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The Impact of Extracurricular Activity on Student Academic Performance

Jing Wang Director Office of Institutional Research California State University, Sacramento jwang@csus.edu Jonathan Shiveley Assessment Research Analyst Office of Institutional Research California State University, Sacramento shiveley@csus.edu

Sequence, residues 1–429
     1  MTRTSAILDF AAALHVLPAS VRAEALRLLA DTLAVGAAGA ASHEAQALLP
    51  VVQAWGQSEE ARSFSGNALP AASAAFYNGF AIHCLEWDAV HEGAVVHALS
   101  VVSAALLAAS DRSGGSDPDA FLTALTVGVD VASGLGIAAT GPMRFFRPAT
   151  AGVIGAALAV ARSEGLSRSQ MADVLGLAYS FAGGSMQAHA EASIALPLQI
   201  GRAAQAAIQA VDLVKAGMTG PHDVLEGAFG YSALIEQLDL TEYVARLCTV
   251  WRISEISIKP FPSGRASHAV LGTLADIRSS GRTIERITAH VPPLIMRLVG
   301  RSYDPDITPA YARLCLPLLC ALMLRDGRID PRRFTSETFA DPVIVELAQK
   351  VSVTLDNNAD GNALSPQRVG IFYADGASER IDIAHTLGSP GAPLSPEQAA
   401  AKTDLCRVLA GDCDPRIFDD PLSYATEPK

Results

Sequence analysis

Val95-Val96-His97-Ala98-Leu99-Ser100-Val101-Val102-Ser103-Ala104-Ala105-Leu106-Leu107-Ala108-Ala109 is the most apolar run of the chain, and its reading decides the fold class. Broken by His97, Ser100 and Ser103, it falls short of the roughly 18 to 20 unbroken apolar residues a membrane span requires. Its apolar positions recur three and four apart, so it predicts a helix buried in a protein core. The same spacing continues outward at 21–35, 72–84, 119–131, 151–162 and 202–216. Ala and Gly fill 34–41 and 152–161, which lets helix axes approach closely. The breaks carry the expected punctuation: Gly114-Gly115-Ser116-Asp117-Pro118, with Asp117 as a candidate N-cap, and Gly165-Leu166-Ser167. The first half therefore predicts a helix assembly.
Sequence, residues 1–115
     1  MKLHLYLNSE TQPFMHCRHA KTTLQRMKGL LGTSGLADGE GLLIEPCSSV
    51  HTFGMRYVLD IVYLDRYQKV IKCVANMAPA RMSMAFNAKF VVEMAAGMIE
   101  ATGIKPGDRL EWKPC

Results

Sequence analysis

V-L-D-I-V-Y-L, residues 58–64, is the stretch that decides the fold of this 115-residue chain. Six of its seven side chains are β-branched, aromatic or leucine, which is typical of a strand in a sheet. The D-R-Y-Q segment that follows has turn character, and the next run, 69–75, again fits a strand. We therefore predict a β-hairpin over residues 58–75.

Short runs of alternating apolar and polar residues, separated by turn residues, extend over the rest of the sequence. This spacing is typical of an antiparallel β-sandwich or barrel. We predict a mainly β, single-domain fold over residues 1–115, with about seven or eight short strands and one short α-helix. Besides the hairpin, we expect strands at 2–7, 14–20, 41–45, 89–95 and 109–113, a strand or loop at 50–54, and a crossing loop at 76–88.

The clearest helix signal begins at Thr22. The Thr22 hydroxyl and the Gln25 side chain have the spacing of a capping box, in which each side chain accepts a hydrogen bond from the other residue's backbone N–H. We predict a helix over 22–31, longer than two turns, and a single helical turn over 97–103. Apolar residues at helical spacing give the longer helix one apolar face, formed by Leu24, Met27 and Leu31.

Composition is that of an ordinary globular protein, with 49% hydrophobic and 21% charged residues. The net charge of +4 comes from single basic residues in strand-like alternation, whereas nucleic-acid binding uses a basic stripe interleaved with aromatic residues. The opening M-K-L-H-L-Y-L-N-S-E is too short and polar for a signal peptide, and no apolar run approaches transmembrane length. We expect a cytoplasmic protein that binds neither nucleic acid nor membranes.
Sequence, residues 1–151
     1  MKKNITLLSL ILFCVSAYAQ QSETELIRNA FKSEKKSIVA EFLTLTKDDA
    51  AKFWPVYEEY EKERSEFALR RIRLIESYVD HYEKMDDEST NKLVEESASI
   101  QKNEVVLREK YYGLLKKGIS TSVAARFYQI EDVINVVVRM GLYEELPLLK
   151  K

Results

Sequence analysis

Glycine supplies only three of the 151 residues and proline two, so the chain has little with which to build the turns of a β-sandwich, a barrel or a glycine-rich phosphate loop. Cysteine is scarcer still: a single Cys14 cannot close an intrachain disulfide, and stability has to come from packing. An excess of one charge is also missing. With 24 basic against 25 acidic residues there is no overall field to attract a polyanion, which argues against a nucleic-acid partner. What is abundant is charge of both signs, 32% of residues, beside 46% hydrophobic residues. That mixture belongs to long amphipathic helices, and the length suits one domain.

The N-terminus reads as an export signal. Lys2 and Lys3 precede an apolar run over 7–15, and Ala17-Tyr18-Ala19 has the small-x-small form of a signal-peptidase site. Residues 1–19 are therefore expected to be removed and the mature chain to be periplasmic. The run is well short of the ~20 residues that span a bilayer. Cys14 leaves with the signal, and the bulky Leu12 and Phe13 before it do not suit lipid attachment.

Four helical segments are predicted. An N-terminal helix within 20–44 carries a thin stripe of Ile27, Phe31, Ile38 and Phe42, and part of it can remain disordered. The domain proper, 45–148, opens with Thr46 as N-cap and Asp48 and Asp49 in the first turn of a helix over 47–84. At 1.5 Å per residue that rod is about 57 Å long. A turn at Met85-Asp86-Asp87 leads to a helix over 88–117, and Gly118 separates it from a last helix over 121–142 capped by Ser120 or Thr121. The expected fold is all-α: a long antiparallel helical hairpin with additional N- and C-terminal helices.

Abstract It has been generally assumed that participation in extracurricular activities has a positive impact on the retention of students beyond the first year. However, many also believe that these activities may actually affect student performance in a negative manner due to conflicting time requirements and competing schedules, even if they do in fact enhance student persistence. Interestingly, relatively few studies have been performed in either of these areas due to a lack of applicable data. This paper addresses these issues by presenting a study which revealed that students achieved much higher rates of retention and graduation, maintained better GPAs, and had higher good standing rates when they engaged in any of the activities within the scope of this study, which included serving as a Board Member of ASI, becoming an Orientation Leader, taking a job as Residence Hall Associate, or holding a leadership position in an on-campus club. For the purposes of this study, freshman and undergraduate transfer cohorts from 2002 through 2007 were selected for use as samples. All students were then divided into two groups: Participants and Non-participants. Furthermore, in relation to the freshmen cohorts, three subcategories were adapted to perform further comparative analyses to ensure that the participant and non-participant groups were comparable in relation to their academic backgrounds, these included; students with high school GPAs below 3.0, students in need of remediation, and commuters. Additionally, two sub-categories were employed in relation to the undergraduate transfer cohorts, those being; males, and students under the age of 25.